The Arab world generated revenues worth around $810 billion through different taxes from 2011 to 2015, according to Arab Monetary Fund (AMF).
According to the AMF, tax revenues decreased by 4.9% in 2015 compared with 2014 due to a fall in revenues from income and profit taxes—from $64.1 billion to $58.2 billion—that was the result of low economic activity in many Arab countries.
Profit and income taxes represented the largest chunk of the $810 billion revenues — 35.2% or $266.6 billion. Production and consumption taxes constituted 34.9% or $285.6 billion.
Revenues from customs fee on foreign trade represented 15.1% or about $122.2 billion.In 2015, tax revenues constituted 6.7% of the total gross domestic product (GDP) of Arab countries.
In 2015, tax revenues constituted 6.7% of the total gross domestic product (GDP) of Arab countries. In the same year, production and consumption tax revenues rose 8.4% to $62.8 billion due to strong consumer spending.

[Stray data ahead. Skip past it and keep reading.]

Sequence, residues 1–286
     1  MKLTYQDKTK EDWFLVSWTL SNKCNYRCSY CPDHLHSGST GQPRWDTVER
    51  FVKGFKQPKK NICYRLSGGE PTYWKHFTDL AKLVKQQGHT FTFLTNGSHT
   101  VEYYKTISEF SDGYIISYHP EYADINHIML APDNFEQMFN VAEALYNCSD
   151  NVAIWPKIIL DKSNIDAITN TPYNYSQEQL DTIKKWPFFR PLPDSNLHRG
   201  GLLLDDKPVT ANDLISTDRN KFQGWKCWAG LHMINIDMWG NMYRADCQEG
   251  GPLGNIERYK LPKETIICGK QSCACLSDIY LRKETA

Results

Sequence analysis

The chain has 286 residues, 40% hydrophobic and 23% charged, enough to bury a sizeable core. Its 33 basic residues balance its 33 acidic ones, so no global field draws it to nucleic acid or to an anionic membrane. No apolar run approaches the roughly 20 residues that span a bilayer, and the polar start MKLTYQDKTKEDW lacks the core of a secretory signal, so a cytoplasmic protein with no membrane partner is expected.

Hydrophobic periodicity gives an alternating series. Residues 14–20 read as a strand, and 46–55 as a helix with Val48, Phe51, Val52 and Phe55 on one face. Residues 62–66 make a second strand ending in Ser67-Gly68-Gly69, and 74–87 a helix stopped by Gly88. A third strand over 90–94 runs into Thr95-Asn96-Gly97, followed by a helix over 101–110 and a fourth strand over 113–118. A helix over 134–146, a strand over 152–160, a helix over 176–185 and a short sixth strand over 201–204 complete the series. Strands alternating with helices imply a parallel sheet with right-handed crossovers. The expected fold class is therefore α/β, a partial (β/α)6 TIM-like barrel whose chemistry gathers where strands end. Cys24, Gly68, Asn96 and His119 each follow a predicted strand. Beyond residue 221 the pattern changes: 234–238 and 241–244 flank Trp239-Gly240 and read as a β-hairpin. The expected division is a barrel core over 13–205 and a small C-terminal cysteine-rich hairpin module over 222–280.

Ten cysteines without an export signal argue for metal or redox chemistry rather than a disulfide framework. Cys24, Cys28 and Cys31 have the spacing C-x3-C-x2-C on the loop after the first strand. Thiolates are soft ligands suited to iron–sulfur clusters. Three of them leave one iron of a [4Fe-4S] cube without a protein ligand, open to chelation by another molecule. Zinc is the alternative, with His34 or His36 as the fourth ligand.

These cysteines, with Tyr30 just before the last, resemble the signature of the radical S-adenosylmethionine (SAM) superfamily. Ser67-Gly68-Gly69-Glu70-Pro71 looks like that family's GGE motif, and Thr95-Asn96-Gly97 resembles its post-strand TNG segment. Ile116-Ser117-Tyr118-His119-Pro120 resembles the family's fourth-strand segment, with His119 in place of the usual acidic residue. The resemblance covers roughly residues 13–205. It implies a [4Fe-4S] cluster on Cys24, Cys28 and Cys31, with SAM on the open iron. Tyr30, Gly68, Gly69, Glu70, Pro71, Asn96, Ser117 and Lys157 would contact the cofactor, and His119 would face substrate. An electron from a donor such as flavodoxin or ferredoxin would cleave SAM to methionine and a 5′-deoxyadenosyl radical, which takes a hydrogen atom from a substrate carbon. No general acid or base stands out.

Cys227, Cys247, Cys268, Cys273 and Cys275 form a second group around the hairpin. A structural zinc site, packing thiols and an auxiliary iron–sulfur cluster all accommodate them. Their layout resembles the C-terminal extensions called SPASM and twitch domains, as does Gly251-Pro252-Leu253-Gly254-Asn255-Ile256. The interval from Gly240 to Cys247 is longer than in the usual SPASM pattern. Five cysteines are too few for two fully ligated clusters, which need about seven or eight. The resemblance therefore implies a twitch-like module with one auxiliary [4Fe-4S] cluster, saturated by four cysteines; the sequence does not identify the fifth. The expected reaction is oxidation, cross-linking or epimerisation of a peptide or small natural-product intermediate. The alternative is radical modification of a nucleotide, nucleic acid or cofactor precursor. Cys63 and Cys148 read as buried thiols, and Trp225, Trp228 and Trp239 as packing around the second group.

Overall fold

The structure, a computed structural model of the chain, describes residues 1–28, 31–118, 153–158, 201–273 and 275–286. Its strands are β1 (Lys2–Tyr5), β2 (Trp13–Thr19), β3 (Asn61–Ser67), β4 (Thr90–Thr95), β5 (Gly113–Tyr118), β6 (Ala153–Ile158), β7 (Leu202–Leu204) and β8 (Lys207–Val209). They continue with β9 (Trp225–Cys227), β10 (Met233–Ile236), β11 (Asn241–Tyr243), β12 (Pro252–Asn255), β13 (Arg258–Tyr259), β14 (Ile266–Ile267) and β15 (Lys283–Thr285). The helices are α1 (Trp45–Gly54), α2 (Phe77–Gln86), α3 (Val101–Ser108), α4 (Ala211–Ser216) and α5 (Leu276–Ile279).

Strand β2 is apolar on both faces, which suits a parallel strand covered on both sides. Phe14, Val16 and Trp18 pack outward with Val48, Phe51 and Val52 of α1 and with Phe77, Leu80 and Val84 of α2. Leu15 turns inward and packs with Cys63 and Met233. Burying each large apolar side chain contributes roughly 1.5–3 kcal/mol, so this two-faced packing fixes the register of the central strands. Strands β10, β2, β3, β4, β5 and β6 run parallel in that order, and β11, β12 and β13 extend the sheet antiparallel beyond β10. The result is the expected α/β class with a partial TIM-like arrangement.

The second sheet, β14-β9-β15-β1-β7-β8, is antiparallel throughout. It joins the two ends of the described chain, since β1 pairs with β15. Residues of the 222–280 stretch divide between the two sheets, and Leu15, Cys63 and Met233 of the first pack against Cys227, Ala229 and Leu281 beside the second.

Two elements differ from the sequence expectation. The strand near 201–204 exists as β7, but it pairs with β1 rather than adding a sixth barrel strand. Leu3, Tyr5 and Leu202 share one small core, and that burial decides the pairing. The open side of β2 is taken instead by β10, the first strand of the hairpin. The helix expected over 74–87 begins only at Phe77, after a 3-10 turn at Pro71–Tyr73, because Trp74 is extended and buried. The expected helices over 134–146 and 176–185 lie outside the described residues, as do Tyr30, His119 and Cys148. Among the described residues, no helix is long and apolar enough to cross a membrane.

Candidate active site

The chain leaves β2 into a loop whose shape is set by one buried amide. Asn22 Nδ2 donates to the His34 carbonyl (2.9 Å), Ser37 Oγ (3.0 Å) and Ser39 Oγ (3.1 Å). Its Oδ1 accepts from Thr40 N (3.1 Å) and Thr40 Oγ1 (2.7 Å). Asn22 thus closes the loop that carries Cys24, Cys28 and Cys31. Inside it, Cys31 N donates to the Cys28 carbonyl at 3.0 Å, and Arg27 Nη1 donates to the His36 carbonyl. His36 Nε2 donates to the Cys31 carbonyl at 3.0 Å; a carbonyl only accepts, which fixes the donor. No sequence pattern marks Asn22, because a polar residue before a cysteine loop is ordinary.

These are pre-VAT numbers, though.
This month, the UAE government’s Federal National Council (FNC) has approved a draft law that requires business owners and landlords to pay a 5% value-added tax (VAT) starting January 2018.
Specific to businesses under the new law is a requirement for private businesses making Dhs370,000 and more a year to pay a 5% VAT.
Last year, the six Gulf Cooperation Council (GCC) countries, including the UAE, Saudi Arabia, Qatar, Bahrain, and Oman, signed an agreement to implement a 5 % VAT, despite administrative and technical challenges.
However, economists and officials have previously opined that simultaneous introduction in all countries may not be feasible as creating the administrative infrastructure to collect the tax remains a challenge.
The UAE government expects around Dhs12 billion ($3.3 billion) of revenues from the tax in its first year. That would be about 0.9% of the UAE’s gross domestic product of $371 billion in 2015.